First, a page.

Was Zoeller referring to another same-sex marriage case that is under consideration in the Sixth Circuit Court of Appeals? The U.S. District Court in that case upheld the gay marriage ban. And the Sixth Circuit is considered by some to be a more conservative court than others around the country.

However, attorney Bill Groth doesn’t believe that case will have much bearing on the national conversation. “I think the Sixth Circuit Court has gotten the message from the Supreme Court,” he said during the ACLU press conference.

According to Falk, that court’s decision would have no bearing or influence on Indiana. “Anything can happen,” said Falk. “But as far as these cases are concerned, the issue is settled. The denial of cert confirms the decision from the Seventh Circuit as law.”

Statements from other Republicans dedicated to the idea of traditional marriage acknowledged the finality of the court’s decision, although somewhat reluctantly. Senate pro temp David Long said while he was surprised by the outcome, the court has spoken.

“The Court appears to have sent a message that if they ultimately do hear these cases, they will support these lower court rulings, and find that same-sex marriage is on equal footing with traditional marriage,” said Long. “Because the U.S. Constitution is supreme to all state constitutions when it comes to a conflict between them, the effort to amend the Indiana Constitution to define marriage as the union of one man and one woman would appear to be over unless the U.S. Supreme Court reverses its decision and ultimately takes up the matter in the future to overturn the current decision by the 7th Circuit concerning Indiana law. Given today’s ruling, that appears unlikely.”

Governor Mike Pence combined his personal belief with his duty to uphold the law in a brief statement following the decision.

“While it is disappointing to many that the Supreme Court has chosen not to hear arguments on this important issue, under our system of government, people are free to disagree with court decisions but we are not free to disobey them,” said Pence. “Hoosiers may be assured that I and my administration will uphold the rulings of our federal courts concerning marriage in the policies and practices of our state. As Governor of all the people of Indiana I am confident that Hoosiers will continue to demonstrate the civility for which we are known and respect the beliefs of all people in our state.”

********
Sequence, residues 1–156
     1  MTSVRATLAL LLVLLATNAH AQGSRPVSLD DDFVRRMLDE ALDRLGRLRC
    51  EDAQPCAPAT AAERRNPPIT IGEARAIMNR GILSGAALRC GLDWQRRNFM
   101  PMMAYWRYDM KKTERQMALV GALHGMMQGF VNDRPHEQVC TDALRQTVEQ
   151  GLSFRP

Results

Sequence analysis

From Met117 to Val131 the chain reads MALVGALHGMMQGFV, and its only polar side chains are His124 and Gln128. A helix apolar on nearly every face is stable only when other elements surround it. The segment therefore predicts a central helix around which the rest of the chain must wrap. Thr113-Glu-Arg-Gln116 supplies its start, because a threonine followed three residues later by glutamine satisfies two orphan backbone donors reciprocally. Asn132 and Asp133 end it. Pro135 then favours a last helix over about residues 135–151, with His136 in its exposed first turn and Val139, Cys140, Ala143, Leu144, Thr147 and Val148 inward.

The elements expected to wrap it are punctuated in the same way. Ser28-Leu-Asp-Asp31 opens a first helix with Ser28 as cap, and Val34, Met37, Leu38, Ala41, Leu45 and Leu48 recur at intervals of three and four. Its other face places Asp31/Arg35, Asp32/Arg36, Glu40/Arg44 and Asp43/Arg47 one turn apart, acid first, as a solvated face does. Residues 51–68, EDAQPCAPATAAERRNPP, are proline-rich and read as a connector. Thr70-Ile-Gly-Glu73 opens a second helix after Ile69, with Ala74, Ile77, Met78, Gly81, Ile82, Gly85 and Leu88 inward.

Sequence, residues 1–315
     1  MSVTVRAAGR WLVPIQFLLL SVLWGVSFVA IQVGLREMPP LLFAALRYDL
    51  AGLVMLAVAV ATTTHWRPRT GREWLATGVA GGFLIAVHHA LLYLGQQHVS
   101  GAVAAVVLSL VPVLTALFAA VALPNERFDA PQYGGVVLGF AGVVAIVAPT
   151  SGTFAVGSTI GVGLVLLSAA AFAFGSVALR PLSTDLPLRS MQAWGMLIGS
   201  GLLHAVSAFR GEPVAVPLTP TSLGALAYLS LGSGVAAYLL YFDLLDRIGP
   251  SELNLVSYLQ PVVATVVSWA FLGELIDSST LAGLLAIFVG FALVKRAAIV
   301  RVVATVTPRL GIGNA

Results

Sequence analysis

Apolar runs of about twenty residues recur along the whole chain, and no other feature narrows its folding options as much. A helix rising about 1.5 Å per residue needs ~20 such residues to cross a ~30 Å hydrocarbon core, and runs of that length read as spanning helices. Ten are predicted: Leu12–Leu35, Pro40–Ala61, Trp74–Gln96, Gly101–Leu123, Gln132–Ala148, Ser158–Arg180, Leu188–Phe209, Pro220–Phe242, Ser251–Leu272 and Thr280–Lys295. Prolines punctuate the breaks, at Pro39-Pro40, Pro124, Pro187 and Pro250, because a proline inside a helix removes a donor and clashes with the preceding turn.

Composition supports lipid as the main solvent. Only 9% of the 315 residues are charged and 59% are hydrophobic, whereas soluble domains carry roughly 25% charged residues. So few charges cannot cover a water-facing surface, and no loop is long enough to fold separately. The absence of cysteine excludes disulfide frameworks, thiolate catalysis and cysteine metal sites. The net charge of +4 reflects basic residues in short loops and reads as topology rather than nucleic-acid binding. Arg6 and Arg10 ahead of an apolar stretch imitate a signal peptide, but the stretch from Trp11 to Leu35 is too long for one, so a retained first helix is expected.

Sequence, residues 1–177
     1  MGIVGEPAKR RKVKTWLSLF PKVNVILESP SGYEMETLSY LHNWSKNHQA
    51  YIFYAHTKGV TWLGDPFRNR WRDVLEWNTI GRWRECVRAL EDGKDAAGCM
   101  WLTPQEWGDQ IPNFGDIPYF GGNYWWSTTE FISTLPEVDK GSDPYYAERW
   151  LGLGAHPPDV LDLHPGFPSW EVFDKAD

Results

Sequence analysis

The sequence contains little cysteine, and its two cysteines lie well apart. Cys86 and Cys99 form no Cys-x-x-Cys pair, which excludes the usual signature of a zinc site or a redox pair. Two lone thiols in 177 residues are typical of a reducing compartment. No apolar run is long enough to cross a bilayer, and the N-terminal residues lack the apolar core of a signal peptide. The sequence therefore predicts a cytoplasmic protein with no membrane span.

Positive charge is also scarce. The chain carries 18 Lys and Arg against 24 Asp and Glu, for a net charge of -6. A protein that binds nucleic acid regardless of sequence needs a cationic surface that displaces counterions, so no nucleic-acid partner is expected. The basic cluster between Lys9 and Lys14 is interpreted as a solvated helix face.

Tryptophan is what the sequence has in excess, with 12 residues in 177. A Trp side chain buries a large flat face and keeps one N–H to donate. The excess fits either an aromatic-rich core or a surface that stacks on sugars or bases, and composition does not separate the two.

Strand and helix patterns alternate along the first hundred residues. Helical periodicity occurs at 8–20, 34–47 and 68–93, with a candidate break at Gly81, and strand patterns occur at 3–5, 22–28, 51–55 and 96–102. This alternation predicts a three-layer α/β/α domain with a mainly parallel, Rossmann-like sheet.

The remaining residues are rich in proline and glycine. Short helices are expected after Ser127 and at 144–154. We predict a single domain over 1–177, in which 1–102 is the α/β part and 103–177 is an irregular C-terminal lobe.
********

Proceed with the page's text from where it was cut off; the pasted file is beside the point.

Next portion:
What happens next?

When the Seventh Circuit Court of Appeals published its decision September 4 affirming the District Court’s ruling that Indiana’s ban on same sex marriage was unconstitutional, the court stayed the decision and didn’t issue a mandate pending action from the U.S. Supreme Court. Now that the action has been taken (by the Supreme Court doing nothing), a mandate is expected from the Seventh Circuit within the next few days. A few county clerks are waiting for instructions based on that mandate. Other clerks instantly began issuing marriage licenses to same sex couples.

“I am delighted to once again welcome all loving Hoosier couples to the Clerk’s Office to obtain a marriage license,” said Marion County Clerk Beth White in an issued statement. “Limbo for these couples is over and they can expect nothing but dignity and respect from our marriage license staff when they arrive.”

However, White did say she would not perform instant civil ceremonies because the sense of urgency no longer exists. By the end of the day Monday, White’s office had only issued seven marriage licenses to same sex couples.

The change in the law means more than a change in the wording on the marriage license application. Attorney Karen Celestino-Horeseman says several businesses, industries and programs in both the public and private sectors will have to change everything from employee handbooks to benefits packages and insurance applications.

“Several places are going to need help understanding what the decision and the court’s mandate will mean for them. But there are a lot of us here that can help with that,” smiled Horseman, referring to her fellow attorneys who worked on the marriage cases.

Monday was a day of celebration for all of the same sex couples that fought for the right to marry and have their marriages recognized. But Tuesday was back to life as usual. “The reality of it all is the transformative nature of this issue,” said Falk. “It will be no big deal a month from now.”